By Michael P. KleimanDecember 2, 2019
Note: This press release is the third installment of a four-part monthly series on global patient movement.
SCOTT AIR FORCE BASE, Ill. -- In August 2019, the successful four-day, 8,000-mile aeromedical evacuation of a wounded soldier, whose life hung in the balance, from Bagram Air Base, Afghanistan, to Brooke Army Medical Center, Texas, demonstrated the criticality of strategic theater patient movement, transporting the ill or injured from abroad to America.
U.S. Transportation Command, the Department of Defense's single manager for global patient movement, had a significant role in organizing and executing the unique, strategic theater AE mission referred to as REACH 797.
The multiple-step process kicked off with the involved senior medical authority at Bagram AB initiating a patient movement request through the USTRANSCOM Regulating and Command and Control Evacuation System. The DOD's automated, electronic information tool is employed by the three USTRANSCOM patient movement requirement centers. These facilities are known as TPMRC-Americas, Scott AFB, TPMRC-East, Ramstein AB, Germany, and TPMRC-West, Joint Base Pearl Harbor-Hickam, Hawaii.
After review of the PMR by TPMRC-E staff, the theater validating flight surgeon at TPMRC-E validated the requested strategic patient movement requirement, coordinated the specialty team, and set a cabin altitude restriction. In about 20 hours, the wounded warfighter transited -- with the support of approximately 18 AE professionals -- through numerous time zones to a higher level of medical care in America.
USTRANSCOM's air component, Air Mobility Command, through its 618th Air Operations Center at Scott AFB, coordinated the aircraft requirement -- a C-17 Globemaster III -- with the 436th Airlift Wing, Dover AFB, Delaware, and also two out-of-the-ordinary aerial refueling missions conducted by KC-135 stratotankers assigned to the 6th Air Mobility Wing, MacDill AFB, Florida. In addition, a Critical Care Air Transport Team from the 10th Expeditionary AE Flight, a USTRANSCOM-assigned unit at Ramstein AB, worked in tandem with the other AE crewmembers onboard the C-17 to ensure the injured patient's safe passage to the final medical destination.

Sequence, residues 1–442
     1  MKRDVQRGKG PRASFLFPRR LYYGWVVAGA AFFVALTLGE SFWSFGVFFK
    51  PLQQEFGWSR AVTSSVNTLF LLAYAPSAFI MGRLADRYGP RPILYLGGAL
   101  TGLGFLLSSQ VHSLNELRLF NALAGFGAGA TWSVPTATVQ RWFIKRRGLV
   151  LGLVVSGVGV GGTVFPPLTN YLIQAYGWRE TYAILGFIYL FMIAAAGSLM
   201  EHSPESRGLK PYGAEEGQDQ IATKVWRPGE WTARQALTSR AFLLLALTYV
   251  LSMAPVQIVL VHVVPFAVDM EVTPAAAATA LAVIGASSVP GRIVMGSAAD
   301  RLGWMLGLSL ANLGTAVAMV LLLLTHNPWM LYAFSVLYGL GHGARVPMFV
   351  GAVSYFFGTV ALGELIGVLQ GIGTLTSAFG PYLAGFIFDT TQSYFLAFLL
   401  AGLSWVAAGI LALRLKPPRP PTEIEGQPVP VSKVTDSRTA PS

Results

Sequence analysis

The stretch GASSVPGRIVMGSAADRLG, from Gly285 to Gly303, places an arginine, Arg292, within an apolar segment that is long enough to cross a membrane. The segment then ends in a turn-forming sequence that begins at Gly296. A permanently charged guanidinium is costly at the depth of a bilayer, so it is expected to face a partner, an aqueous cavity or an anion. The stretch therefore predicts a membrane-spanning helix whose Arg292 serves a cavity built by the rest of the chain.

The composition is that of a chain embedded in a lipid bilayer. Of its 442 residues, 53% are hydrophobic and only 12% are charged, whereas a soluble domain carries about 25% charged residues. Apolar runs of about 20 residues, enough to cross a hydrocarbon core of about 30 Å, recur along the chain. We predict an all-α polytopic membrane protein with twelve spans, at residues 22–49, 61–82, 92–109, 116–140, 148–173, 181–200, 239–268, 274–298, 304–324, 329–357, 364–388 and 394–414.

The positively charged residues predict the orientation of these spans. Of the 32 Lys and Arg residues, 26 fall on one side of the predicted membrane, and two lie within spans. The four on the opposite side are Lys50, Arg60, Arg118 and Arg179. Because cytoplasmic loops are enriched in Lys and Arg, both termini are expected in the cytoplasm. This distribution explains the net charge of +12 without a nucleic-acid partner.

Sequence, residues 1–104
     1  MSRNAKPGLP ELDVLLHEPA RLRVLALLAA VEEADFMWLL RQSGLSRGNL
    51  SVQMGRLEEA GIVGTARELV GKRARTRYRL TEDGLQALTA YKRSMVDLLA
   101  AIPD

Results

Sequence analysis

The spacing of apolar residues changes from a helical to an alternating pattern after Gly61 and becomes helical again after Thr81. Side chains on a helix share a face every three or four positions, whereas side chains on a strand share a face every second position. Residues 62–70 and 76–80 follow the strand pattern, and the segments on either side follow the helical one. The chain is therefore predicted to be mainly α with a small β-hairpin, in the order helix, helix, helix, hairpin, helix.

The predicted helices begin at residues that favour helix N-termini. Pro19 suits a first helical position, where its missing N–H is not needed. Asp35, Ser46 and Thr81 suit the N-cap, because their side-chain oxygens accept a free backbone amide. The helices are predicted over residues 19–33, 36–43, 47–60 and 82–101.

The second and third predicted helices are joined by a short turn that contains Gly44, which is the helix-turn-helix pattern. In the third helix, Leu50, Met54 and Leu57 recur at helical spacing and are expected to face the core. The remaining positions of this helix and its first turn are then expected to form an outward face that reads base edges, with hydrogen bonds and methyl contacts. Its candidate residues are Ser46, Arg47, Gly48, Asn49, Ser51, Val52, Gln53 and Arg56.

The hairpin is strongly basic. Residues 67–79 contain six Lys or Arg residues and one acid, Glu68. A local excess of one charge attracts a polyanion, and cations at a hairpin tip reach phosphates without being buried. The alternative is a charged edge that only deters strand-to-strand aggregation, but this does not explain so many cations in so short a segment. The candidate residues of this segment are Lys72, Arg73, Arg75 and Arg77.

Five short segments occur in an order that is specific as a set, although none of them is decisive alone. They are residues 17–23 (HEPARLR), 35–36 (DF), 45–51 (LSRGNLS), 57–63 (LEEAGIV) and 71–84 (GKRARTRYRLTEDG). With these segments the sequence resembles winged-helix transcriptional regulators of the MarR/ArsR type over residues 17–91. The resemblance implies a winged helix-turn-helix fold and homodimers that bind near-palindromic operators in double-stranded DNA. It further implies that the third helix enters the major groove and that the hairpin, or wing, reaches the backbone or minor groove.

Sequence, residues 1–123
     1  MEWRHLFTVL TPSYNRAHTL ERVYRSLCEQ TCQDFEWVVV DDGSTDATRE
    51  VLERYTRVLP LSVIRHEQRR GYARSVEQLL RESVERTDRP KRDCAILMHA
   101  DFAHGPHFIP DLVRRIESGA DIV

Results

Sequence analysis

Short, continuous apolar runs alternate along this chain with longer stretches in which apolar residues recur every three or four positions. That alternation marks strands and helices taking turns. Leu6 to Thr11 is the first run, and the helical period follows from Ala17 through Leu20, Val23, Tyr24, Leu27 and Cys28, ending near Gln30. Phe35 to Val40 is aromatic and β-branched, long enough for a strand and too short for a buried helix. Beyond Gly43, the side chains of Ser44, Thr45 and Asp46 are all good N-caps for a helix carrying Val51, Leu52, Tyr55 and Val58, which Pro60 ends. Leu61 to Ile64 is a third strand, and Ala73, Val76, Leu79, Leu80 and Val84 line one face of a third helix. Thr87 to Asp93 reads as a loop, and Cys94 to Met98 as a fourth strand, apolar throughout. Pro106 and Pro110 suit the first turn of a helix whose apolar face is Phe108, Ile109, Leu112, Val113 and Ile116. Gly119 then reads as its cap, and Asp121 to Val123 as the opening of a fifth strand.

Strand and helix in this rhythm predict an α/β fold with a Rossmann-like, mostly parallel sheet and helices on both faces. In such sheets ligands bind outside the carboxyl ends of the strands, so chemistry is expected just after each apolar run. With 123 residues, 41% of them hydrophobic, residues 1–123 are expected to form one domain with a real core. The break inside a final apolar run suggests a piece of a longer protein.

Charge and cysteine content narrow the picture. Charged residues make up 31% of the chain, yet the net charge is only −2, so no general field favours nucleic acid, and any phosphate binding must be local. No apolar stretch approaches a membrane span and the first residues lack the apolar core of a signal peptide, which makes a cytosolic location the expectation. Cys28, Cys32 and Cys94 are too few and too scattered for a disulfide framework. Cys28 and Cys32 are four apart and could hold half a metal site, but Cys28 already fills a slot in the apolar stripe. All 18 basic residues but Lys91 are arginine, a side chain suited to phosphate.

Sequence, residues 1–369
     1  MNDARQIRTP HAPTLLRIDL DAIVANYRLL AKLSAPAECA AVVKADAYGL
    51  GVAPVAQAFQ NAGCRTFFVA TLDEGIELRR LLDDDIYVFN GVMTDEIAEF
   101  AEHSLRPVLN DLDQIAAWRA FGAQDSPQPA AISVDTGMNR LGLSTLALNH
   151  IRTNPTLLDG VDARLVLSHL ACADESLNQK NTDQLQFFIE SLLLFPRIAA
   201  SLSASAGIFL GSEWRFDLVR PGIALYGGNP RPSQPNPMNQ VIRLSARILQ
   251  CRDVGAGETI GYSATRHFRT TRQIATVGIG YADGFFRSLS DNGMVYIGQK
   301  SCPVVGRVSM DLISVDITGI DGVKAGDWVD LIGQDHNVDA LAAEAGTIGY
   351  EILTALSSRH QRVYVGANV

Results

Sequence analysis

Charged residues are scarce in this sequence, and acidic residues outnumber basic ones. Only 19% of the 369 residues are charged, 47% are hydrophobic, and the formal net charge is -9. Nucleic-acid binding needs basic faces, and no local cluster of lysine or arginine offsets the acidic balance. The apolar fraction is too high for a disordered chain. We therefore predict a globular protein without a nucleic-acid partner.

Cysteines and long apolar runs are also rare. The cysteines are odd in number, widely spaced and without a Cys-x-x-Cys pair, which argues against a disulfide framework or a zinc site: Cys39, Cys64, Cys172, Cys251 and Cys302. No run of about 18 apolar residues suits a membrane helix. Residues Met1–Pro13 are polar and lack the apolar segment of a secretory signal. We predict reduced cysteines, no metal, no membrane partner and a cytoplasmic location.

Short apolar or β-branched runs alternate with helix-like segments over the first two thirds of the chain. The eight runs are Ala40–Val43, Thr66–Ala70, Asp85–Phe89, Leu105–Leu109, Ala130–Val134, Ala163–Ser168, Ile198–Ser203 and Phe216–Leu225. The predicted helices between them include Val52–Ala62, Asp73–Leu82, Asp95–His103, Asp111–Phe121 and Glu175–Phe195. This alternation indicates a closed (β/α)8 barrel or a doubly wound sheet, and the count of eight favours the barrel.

"During a protracted, high-end conflict, we need the ability to move patients quickly around the globe. Strategic theater patient movement involves transporting our wounded warfighters from overseas to the continental United States, but it also entails moving the ill and injured from one geographic command's area of responsibility to another. For instance, the recent REACH 797 mission encompassed the AORs of U.S. Central Command, U.S. European Command, and U.S. Northern Command," said U.S. Air Force Lt. Col. Sean Wilkinson, chief, Global Patient Movement Integration Cell, USTRANSCOM's Command Surgeon Directorate. "Our AE crewmembers are doing an incredible job ensuring the safe transfer of patients around the world."
Similarly, strategic theater patient movement from one geographic COCOM to another also has multiple parts in the process. For instance, when a wounded warrior is medevac'd from Bagram AB to the Landstuhl Regional Medical Center near Ramstein AB, the TPMRC-E again validates the requirement. Next, the 603d Air and Space Operations Center's AE Control Team at Ramstein AB identifies an aircraft -- a KC-135 or C-17 -- and also coordinates with the owner to allocate the airframe. Then, AE and/or CCATT crewmembers' involvement staffing the mission occurs.
Once the designated aircraft arrives at Ramstein AB, the patient is transferred to the 86th Aeromedical Staging Facility for subsequent transport to the LRMC.
"When conducting a strategic theater patient movement, the number of medical handoffs can cause issues. Our AE professionals always put the patient and their care first and foremost in transit. The safe, secure, and sound transfer of the ill or injured at both the point of departure and the point of arrival must also -- and always -- occur, stated U.S. Air Force Lt. Col. Chris Cieurzo, chief, Patient Movement Operations Division, USTRANSCOM's Command Surgeon Directorate. "In addition, strategic theater patient movement is also important because of the constant concern of bed space. Timely strategic theater patient movement is necessary to keep bed space open for patient throughput."
USTRANSCOM exists as a warfighting combatant command to project and sustain military power. Powered by dedicated men and women, we underwrite the lethality of the joint force, advance American interests, and provide our nation's leaders with strategic flexibility to select from multiple options and create multiple dilemmas for adversaries.